By Roxie Hammill
The Nall Avenue border between Prairie Village and Overland Park may have a “road diet” in its future. Public works officials in both those cities are setting up to reduce the four-lane section from 67th Street to 75th Street to three lanes with a dedicated turning lane in the middle.
The change is still a ways in the future. Prairie Village, which is in charge of the joint project, is scheduling a traffic study with Overland Park for 2020. If the study confirms the change is practical – and given the amount number of cars on that road, Prairie Village Keith Bredehoeft believes it is – construction would begin in 2022.
The lane changes are a continuation of an effort that dates back to 2011, when Prairie Village and Mission changed Nall to three lanes north of 67th Street, Bredehoeft said. The new section of road would also have bike lanes, pending approval of the Prairie Village bike plan, he said.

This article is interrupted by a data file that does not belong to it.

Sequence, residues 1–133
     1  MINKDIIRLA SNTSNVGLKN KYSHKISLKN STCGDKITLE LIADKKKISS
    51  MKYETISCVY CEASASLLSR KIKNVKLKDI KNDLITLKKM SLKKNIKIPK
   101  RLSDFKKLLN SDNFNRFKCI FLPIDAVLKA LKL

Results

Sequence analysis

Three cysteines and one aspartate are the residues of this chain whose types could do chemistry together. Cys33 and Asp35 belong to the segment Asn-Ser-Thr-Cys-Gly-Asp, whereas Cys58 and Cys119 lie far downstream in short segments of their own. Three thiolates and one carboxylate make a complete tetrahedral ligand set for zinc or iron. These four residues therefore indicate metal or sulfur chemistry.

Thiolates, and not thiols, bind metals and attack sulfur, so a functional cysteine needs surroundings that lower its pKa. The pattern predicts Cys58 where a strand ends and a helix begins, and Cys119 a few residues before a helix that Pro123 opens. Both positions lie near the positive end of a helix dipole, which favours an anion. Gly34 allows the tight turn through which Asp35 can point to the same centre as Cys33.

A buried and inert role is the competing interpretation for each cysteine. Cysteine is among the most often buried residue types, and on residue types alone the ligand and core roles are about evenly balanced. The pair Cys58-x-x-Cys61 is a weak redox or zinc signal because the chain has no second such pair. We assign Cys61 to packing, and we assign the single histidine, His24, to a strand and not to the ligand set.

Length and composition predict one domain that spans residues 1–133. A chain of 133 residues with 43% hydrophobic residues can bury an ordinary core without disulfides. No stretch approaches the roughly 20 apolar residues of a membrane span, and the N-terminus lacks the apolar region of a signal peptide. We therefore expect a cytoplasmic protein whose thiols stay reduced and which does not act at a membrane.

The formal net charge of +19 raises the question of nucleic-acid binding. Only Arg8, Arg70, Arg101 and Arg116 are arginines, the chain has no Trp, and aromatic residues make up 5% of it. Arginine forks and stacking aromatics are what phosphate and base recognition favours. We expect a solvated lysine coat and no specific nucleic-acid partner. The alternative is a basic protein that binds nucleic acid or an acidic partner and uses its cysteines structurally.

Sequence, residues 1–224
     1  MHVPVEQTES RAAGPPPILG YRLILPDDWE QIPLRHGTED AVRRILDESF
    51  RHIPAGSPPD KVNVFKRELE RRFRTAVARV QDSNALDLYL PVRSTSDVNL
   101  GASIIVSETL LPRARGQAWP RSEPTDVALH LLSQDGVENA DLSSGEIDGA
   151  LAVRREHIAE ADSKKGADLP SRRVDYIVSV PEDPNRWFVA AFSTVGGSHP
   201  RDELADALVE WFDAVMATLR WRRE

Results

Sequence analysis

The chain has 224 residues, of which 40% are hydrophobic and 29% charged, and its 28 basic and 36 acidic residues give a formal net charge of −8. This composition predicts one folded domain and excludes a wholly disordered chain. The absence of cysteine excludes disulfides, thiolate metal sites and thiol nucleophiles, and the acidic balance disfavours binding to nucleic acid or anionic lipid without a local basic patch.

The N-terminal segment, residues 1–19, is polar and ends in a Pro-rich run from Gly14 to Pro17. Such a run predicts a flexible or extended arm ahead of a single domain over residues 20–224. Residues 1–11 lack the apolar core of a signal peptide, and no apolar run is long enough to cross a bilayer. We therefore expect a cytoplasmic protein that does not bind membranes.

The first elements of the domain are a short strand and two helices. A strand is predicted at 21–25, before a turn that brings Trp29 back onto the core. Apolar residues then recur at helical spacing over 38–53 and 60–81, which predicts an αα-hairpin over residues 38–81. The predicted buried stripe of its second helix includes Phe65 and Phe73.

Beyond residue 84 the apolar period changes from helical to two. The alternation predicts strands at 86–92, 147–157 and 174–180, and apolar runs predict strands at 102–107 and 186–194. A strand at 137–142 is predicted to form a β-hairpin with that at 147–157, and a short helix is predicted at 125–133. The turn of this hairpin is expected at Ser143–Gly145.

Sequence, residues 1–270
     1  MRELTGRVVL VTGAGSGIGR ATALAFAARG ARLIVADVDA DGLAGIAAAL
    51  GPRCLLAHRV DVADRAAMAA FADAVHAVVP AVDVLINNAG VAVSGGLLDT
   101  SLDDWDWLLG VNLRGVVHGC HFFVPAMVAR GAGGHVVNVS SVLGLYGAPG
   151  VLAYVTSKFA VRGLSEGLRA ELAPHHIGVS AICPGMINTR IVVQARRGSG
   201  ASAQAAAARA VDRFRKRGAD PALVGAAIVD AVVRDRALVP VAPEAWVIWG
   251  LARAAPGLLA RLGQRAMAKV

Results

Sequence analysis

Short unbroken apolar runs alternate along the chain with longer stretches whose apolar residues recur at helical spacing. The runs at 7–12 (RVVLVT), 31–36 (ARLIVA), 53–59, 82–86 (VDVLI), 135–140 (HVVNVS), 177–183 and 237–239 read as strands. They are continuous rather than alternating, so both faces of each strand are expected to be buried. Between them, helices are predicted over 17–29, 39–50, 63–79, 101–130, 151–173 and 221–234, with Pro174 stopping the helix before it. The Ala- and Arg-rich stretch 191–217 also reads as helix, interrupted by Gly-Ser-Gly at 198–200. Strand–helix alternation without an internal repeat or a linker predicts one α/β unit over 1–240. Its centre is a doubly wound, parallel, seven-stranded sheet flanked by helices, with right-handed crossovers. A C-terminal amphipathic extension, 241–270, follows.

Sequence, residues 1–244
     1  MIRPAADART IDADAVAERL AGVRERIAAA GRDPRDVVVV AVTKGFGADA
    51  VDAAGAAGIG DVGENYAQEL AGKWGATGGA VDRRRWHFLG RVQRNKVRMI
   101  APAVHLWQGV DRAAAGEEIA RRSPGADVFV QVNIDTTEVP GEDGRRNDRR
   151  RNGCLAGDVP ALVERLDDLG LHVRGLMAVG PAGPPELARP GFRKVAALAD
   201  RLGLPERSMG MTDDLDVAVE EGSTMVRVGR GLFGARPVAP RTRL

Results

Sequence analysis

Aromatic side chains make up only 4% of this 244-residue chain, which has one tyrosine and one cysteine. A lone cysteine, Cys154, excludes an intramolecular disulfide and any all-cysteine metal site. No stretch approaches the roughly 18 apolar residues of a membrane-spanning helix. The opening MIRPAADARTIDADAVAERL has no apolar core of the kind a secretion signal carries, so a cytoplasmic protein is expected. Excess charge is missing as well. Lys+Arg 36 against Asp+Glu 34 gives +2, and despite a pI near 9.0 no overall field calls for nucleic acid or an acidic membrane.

Road diets became a trend in the past five years after the U.S. Department of Transportation began touting them as a way to reduce accidents and increase bike and pedestrian access. According to the department’s studies, the reconfiguration of four-lanes into three-lanes can reduce accidents significantly because of the reduction in conflict points. It also reduces the overall speed by limiting the lanes for people to pass when driving over the limit.
Road diets are also among the recommendations of the “Complete Streets” handbook by the Mid-America Regional Council. One of the most high-profile road diets in Johnson County recently was Nieman Road in downtown Shawnee.
The next phase of the Nall Avenue project is expected to cost $2.75 million. Half of the construction cost would be paid by the county’s road program. The other half would be paid by Prairie Village and Overland Park, with Prairie Village paying 60 percent.
Prairie Village recently implemented a road diet along Mission Road in the run up to the Village Shops from SM East.